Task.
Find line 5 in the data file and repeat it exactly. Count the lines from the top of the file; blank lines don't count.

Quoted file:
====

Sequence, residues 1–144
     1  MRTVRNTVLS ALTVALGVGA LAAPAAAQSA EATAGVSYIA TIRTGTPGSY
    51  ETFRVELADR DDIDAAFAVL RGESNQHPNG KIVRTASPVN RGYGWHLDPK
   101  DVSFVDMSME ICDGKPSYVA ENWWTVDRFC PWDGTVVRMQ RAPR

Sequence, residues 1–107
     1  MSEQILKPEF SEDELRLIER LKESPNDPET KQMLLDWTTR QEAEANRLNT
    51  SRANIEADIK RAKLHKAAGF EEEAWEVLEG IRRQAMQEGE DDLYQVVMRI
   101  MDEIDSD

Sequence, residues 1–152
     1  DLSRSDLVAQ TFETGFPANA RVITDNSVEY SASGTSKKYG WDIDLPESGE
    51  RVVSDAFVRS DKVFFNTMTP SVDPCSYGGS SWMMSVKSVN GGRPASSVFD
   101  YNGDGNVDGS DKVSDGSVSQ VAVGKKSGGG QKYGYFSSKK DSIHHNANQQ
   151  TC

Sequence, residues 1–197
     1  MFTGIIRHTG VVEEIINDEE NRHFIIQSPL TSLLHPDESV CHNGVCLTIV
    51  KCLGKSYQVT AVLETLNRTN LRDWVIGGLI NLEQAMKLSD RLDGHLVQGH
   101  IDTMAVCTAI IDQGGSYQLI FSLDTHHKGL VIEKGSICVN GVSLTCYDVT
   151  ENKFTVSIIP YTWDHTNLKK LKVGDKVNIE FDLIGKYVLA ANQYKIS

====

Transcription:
Sequence, residues 1–107